Joy Through Exercise

On the “FitMawrter” Facebook page, late-blooming athletes are having fun while getting stronger.
People Running

"I owe my Bryn Mawr degree to Jen Shillingford,” says Irene Segal Ayers ’82, who credits the compassionate former director of athletics for letting the “overweight, chain-smoking English major” fulfill her entire gym requirement during second semester, senior year.

Now an Ironman triathlete, marathoner, hiker, and backpacker, Ayers quit smoking by temporarily switching to candy (“For the health effects of obesity to be as bad as smoking, you’d need to weigh over 300 pounds,” she reasoned), then dropped the weight she gained and gradually got fit by doing what she loves.

“I’ve never liked team sports—but as a kid, I loved biking, swimming, and running,” she says. Exercise eased the stress of career and family demands as Ayers jogged, then ran, then raced her way to middle age. Training for her first triathlon, she rode her bike in the hardest gear “because I didn’t know how to change gears! This was a rediscovery.”

“I don’t care what other people think, I don’t care if I don’t look good in Spandex, and I don’t care if I finish in last place."

The FitMawrter Facebook group is full of such women, rebooting their personal strength and joy through exercise. If the group had a motto, it might be Ayers’s response to my query, loosely translated from Latin: “I don’t care what other people think, I don’t care if I don’t look good in Spandex, and I don’t care if I finish in last place. [No, that's not true. I still care, but I’ve learned to adjust my goals—a last-place finish in an Ironman is still an Ironman finish].” To a desk-dweller like me, their resolve is impressive. But what’s surprising is the source of the group’s camaraderie: a contagious sense of humor and fun.

“At this age, it doesn’t matter if I look foolish. It's about having fun while getting stronger,” says Carol Bergstresser Quick ’90, who reinvented herself from an “uncoordinated and introverted” college student terrified of public speaking to a fitness instructor leading classes in weight lifting, yoga (with Pilates), and indoor cycling at Gold’s Gym. For the former computer programmer with a master’s degree in public policy, her son’s long-term illness necessitated a job with flexibility. “Getting certified in Body Pump was harder for me than graduate school!” she says. “This is a new way to use my brain.”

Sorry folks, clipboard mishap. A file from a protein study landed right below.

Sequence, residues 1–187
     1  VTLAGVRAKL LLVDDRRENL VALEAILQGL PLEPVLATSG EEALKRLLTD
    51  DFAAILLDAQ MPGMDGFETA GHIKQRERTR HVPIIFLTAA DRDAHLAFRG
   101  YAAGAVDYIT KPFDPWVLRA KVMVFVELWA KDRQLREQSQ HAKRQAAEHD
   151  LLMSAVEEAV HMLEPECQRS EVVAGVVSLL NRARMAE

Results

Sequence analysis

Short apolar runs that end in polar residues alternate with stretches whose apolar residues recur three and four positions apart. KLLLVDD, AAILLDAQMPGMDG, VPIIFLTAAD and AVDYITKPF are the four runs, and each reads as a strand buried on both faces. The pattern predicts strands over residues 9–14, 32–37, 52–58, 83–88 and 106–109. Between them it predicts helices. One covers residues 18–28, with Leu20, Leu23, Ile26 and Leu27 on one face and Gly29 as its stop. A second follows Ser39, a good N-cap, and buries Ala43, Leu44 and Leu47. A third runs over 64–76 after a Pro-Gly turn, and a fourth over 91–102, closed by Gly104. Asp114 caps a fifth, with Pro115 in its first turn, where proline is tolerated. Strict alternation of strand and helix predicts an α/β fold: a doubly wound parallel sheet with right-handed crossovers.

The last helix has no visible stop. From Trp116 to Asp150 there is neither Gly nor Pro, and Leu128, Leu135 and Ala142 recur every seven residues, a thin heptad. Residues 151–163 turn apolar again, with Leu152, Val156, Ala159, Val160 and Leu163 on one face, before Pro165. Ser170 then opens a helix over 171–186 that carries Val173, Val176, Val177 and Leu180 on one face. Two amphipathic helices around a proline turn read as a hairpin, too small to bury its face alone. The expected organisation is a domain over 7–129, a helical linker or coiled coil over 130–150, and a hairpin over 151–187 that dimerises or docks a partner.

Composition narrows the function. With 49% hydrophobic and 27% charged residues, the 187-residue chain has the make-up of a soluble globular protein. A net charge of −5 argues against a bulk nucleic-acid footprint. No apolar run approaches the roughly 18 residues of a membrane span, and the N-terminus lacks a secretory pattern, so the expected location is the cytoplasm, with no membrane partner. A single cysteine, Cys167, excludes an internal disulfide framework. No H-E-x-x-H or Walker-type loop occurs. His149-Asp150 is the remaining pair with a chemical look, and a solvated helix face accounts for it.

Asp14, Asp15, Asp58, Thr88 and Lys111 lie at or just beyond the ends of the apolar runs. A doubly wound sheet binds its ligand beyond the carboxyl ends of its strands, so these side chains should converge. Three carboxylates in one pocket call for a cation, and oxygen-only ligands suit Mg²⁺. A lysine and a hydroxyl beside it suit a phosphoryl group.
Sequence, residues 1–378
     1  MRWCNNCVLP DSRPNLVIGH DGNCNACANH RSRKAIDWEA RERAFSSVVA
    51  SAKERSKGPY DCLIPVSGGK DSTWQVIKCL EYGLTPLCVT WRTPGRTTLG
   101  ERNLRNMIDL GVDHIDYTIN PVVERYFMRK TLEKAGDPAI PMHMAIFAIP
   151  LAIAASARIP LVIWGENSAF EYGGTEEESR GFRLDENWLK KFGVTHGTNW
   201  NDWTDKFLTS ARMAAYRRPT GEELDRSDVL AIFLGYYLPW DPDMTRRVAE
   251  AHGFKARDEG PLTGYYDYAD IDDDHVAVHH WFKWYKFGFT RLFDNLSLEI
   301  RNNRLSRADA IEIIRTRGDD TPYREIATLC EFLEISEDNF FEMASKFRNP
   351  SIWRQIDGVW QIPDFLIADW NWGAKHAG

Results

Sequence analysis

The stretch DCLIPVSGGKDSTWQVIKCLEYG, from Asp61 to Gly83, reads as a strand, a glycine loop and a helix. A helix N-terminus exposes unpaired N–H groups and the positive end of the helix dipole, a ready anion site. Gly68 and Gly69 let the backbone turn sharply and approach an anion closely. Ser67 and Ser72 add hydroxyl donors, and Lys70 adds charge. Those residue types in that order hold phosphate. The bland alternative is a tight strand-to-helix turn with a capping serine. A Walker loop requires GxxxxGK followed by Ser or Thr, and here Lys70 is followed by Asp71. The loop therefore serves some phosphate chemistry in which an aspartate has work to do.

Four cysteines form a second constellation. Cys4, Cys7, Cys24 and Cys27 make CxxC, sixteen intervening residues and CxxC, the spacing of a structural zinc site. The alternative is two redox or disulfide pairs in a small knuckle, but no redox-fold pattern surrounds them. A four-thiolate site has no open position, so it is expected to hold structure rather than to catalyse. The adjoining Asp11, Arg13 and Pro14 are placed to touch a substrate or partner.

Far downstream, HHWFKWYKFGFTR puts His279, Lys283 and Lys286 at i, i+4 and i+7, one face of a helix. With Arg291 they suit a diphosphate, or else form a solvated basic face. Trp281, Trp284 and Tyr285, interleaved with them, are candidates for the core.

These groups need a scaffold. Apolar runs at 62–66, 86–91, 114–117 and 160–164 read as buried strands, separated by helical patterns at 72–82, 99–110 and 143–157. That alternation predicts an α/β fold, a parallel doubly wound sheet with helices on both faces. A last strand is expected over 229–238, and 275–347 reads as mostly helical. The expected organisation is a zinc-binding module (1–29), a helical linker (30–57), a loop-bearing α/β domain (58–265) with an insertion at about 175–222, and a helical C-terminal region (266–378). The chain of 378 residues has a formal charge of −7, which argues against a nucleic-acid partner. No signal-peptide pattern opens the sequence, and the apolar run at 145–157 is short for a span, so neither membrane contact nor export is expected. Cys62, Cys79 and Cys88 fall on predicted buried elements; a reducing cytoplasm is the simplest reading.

Of the mental hurdles she cleared to join her first group fitness class—and later, to lead—she says, “I had so many misconceptions about what fitness was and what a fit person looks like. I thought, I can’t be on stage (teaching) unless I look better than I look now! That was a complete fallacy. I’m not graceful, but I’m willing to try anything. I’ve found power being in front of people and having them listen to me.”

“My happiness is cued to swing dancing,” says Cynthia Burr Ramsey ’92, who took it up at 40, while dating after her divorce. An accomplished clarinetist and Night Owls vocalist in college, Ramsey couldn’t suppress her impulse to move while playing or singing. “I’m enthusiastic, loud, and vivacious,” she says. “I’ve been a dancer all along—I just didn’t realize all the different types of bodies dancers could have.”

Devoted to a style called West Coast Swing, she prefers this “conversational” form to ballroom dance, in which the “lead” gives directions that the “follow” executes. The “intensely social connections” swing dance inspires remind her of her a cappella days; long experience listening and responding as voices blend to create sound gives her sure footing as she communicates physically through dance.

“The quicker you and your partner can pick up on what you’re telling each other with your bodies, the more fun it is,” she says.

Now, managing a new job, coursework towards an MBA, a relationship, and family demands, Ramsey still tries to dance every week. “My great epiphany was understanding how dance affects me socially and psychologically. This is where I find the most joy and freedom.”

Midlife offers an opportunity to refit our lives to our aspirations; to borrow a computer metaphor, new values won’t be in force until we reboot. “I used to think that I had to do something really big and important, but I didn’t know what that was,” says Carol Quick, whose clients convey her work’s significance with their gratitude.

For Cindy Ramsey, the satisfaction dance brings isn’t an end but a means to measure engagement she seeks off the dance floor. She speaks for many of us when she says, “My life is a search for the kind of intense, joyful connection I first found at Bryn Mawr.”